Every year, my grandmother would have the most beautiful garden in the world. Flowers, vegetables, you name it, she had it.
People knew that Marg's garden was the best one around. If they had a question, she was the one to go to. Everything seemed so effortless to her.
When I got my own place, I wanted to recreate her garden as much as possible. The thing is...it's not as easy as it looks!!
Even though I don't think my garden could ever be as beautiful as my grandmother's, these tips will certainly help me out!!
1. Height Matters
If you have a smaller yard, you'll want to make the most of your space. Find plants of different heights and layer them from tallest to shortest in horizontal rows. This will make your garden look deeper, and also allow you to maximize your space!
Low shrubs are a great option for up front, while taller-stemmed flowers are perfect for the back.
2. Attract Butterflies
Bringing butterflies to your garden is a surefire way to make it seem more inviting to others! These may be the only bugs that people like, and for good reason...they're so gorgeous!
Hollylocks, coneflowers, nasturtiums, sunflowers, and even certain blossoming weeds all attract butterflies, so try and plant them in your garden!
3. Color Block
Some people like dispersing their flowers all over, but my grandmother also told me that organizing your flowers by color is way more appealing. It creates a pattern, and allows you to move through the garden almost like a rainbow.
By keeping similar colors close to each other, you can appreciate each plant easier because you're not missing something that has gotten hidden in between more vibrant hues.
4. Spice It Up!
Yes, flowers are amazing, but what about adding in a little more variety. Vegetables, berry plants, even herbs can add not only a different look to your garden, but also extremely pleasant smells.
5. Know Where To Grow
Certain plants need less sun, some need deeper soil, it's all dependent on how they grow. Planning out your garden in advance means you can make sure each plant is being put in the right spot for it to prosper.
You may have noticed that some areas of your yard just aren't conducive to growing any type of plant, and that's okay! This can be where you add in yard decorations or even a small path.
6. Bird Baths
It may sound strange, but I absolutely loved the bird bath that my grandmother had in her garden. I can still see the white stone filled to the brim with water, and all the little birds who came to cool down.
In order to make your garden welcoming, you need to make sure there are other features besides plants! Small additions like a bird bath, or even a bird feeder, really can make all the difference.
TIP: Put a few drops of salad oil into your birdbath water. This will keep insects from breeding in the water, but won't harm birds at all!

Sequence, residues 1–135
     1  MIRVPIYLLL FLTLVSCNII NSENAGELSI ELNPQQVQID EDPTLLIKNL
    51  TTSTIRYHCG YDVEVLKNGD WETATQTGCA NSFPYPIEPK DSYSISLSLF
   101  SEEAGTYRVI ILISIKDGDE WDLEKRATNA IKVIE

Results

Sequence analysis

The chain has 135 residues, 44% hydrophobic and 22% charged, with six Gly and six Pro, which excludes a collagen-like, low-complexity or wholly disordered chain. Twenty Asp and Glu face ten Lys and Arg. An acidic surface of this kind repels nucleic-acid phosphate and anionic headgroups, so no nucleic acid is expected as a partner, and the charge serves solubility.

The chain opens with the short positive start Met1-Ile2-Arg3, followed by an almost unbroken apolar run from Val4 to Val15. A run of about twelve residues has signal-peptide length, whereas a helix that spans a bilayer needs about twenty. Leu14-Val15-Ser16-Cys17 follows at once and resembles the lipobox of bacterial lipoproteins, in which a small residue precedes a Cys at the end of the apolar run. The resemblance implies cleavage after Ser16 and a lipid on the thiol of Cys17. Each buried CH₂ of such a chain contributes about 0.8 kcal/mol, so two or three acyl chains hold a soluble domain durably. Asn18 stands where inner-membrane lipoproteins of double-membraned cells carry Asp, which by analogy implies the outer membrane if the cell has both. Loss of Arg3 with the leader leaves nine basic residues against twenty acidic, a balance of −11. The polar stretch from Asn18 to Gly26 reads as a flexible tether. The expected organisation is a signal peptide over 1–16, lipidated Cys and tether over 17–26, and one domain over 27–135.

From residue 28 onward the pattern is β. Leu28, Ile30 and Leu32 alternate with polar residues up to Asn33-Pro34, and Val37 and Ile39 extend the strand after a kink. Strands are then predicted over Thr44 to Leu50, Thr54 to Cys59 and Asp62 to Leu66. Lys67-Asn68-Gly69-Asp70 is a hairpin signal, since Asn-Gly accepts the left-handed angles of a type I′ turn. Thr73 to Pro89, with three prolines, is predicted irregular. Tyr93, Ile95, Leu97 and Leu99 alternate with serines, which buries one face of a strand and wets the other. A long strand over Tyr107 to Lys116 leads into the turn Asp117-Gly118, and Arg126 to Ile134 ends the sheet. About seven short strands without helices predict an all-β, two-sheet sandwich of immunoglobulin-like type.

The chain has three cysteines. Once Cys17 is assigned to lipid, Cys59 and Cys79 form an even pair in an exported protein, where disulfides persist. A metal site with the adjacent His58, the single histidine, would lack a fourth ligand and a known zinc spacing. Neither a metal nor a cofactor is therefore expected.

7. Pick Perennials
Perennials are a flower that blooms multiple times throughout the summer months, which mean you can enjoy them for the whole season!
By picking flowers that will bloom more than once, you are making less work for yourself because they don't need to be replaced.
Woodland sage and climbing rose are just a couple of perennial options for your garden.
8. Water The Lawn
I know, I know. It sounds so simple. But your lawn is part of your garden, too. You'd be hard pressed to find someone whose yard is completely made up of flowers, mainly because there's no way to get to the back section without walking all over them!
Your lawn needs about an inch of water per week, depending on the humidity, temperature, rain levels, etc. Try and view your grass as another plant in the garden. You wouldn't let your tulips just waste away, would you?
One of the best accessories to your garden will be a fresh, green lawn.
9. Set Up Seating
Our family gatherings always revolved around my grandmother's garden. We'd sit in the backyard, facing her beautiful flowers, and and just spend the day chatting and enjoying the space.
If you're going to be working hard to keep your garden beautiful, you want to be able to enjoy it as well. Set up some comfy seats that allow your guests (or just you!) to see the fruits of your labor. An umbrella or canopy to block the sun is also a great idea.
10. Avoid Chemicals
It's easy to want to spray your garden or yard to keep pests away, but it's only going to hurt your flowers, yourself, and the environment.
There are certain flowers that will naturally repel insects, like how spearmint, peppermint, and pennyroyal will keep ants away.
Similarly, mosquitoes hate the smell of marigolds, so keeping the potted plant in areas where people will be sitting is a great idea.
Find out which insects are most common in your area, and see if there are natural ways to keep them out of your garden.
11. Naturally Fertilize
You'll already be spending money on the flowers, soil, and whatever else you need, so why spend money on fertilizer when you already have it in your kitchen?
Banana peels, egg shells, and even coffee grounds can all be used as fertilizers in your garden, meaning you not only get beautiful plants, but also some extra money in your pocket!
12. Avoid Toxic Plants
You may not know this, but plants like rhododendrons, azaleas, and oleander are extremely toxic if any part of them are ingested. This goes for both humans and animals.
If you are going to have children or pets around your garden, avoid toxic plants at all costs. They may look lovely, but do you really want to take that risk?
13. Use Vines
To me, vines are for ivy league schools. But they can actually be a stunning addition to a garden.
Some climbers, like coral honeysuckle, can grow to about 30 feet tall in one summer season. Arranging them to cover a bare wall of a house or shed, or even to grow along a fence, can add a wall of color to your garden with minimal effort.